This is An “Act of Leadership” logged by The Xylom’s Founder and Editor Alex Ip as a Climate Reality Leader. He has been trained by former US Vice President and Nobel Laureate Al Gore in Atlanta, GA, March 2019.
What team do you root for? The Boston Red Sox or New York Yankees? Michigan or Ohio State? Lakers or Celtics? Whatever the team, your answer emerges not from RBI statistics or winning records. Most likely, your answer is influenced by your personal history filled with stories of loss and gain, triumph and pain, only further defined by uniforms, chants, BBQs, and a shared identity that believes in a future win, no matter the facts on the ground.
The teams that we root for expand much further past the goalposts of sports arenas:
- Team climate change vs. team climate denier
- Team vaccine vs. team vaccine choice
- Team Trump vs. team anybody else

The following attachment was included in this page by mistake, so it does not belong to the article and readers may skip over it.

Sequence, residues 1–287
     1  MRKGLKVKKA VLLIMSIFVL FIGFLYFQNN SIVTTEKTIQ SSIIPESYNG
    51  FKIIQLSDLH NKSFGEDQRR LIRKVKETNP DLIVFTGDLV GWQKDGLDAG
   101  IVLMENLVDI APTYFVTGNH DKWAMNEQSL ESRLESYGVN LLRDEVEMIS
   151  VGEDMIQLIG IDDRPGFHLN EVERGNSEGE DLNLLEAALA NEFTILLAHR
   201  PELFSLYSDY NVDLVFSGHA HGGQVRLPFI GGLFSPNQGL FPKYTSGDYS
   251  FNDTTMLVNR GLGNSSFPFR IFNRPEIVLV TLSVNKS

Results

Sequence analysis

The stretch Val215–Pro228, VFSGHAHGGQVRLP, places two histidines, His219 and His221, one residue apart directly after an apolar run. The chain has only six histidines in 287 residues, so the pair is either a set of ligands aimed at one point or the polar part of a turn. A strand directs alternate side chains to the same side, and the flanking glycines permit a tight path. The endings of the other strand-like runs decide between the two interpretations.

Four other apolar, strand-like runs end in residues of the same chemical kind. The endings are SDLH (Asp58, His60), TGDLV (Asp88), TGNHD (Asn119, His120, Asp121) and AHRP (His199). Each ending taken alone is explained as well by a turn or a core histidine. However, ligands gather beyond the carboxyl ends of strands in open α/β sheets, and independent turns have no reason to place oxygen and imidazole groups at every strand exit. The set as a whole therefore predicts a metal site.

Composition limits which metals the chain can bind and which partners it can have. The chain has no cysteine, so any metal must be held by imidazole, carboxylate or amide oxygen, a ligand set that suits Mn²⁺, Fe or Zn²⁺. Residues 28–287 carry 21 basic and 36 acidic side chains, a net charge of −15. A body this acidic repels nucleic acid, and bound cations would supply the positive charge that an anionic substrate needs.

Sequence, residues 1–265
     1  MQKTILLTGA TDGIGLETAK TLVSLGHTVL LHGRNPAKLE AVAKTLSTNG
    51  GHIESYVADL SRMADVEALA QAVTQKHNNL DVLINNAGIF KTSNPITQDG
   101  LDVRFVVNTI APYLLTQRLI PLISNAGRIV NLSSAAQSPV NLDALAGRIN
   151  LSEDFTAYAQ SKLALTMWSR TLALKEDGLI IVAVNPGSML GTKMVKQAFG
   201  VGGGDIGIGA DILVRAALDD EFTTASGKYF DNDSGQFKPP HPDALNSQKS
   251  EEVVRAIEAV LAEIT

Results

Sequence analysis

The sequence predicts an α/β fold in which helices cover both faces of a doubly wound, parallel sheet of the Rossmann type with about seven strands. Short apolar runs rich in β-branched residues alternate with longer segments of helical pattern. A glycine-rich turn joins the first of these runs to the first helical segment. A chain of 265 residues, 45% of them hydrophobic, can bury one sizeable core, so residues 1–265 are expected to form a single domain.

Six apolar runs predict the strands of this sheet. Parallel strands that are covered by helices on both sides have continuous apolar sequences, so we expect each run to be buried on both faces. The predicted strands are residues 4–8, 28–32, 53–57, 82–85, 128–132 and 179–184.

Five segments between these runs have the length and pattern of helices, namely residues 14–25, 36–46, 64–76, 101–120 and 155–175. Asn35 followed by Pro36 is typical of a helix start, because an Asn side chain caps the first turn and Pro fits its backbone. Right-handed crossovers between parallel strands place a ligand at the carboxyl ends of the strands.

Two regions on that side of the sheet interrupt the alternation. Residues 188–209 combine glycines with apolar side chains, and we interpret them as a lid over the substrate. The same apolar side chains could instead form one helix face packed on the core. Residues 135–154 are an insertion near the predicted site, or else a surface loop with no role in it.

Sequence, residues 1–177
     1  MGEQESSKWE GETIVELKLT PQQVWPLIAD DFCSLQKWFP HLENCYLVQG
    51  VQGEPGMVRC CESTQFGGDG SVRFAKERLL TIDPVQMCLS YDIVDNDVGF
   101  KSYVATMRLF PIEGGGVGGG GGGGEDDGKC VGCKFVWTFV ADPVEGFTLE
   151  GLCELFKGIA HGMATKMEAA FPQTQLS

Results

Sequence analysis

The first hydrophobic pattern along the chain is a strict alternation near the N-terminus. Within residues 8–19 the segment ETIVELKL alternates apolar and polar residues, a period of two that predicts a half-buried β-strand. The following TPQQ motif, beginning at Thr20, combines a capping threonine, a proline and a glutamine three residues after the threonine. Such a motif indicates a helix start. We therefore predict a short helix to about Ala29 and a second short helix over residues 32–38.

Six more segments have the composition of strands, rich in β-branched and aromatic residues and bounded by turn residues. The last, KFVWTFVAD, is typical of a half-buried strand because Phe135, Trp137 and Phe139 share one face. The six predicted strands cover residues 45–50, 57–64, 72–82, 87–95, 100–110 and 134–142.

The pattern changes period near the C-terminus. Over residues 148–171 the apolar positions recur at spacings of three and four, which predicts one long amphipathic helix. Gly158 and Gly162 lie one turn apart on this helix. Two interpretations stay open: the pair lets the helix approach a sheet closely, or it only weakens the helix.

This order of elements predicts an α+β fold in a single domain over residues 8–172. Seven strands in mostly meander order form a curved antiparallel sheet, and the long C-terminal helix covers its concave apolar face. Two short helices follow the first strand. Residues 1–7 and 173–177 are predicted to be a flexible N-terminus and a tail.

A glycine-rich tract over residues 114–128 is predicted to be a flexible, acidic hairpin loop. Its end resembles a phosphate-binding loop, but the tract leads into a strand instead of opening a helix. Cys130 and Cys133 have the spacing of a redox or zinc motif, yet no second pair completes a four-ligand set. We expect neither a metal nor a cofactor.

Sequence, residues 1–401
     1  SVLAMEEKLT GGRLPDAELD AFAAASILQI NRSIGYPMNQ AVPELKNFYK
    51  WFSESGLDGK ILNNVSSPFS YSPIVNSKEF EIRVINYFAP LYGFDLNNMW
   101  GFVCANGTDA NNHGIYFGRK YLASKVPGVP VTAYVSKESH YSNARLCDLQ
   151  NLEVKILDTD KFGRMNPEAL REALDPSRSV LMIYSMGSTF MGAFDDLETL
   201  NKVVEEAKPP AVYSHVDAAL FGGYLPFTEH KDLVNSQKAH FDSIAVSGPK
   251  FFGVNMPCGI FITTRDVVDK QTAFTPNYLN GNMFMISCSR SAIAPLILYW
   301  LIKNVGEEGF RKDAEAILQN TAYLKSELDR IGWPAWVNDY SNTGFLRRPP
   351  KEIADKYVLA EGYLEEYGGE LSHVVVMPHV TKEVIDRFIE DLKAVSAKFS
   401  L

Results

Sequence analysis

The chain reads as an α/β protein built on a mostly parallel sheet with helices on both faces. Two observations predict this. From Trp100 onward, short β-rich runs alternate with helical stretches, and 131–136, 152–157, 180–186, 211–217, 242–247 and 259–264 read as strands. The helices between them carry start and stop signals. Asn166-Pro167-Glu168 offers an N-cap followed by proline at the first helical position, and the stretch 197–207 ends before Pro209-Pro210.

The way we engage with information says more about our identities and our social grouping than it does about the factual integrity of the content. Whether we belong to the team that chants “fake news” or not, facts alone do not possess a mystical power to change people’s minds, spur change, or inspire different behavior.
Science supports this claim. Neurologist Antonio Damasio studied brain injury victims who suffered damage to the emotional processing center in the brain. In his book Descartes’ Error, he found that not only did the patients lack emotion they were also unable to make decisions, highlighting the importance of connecting emotionally to influence behavior change.
“The best arguments in the world won’t change a person’s mind. The only things that can do that is a good story.” –The Overstory, Richard Powers.
Not all stories are fables. Stories are a vehicle for sharing information in a way that is connective and memorable. Effective storytelling can remind fans of opposing teams that they share a love for the same game.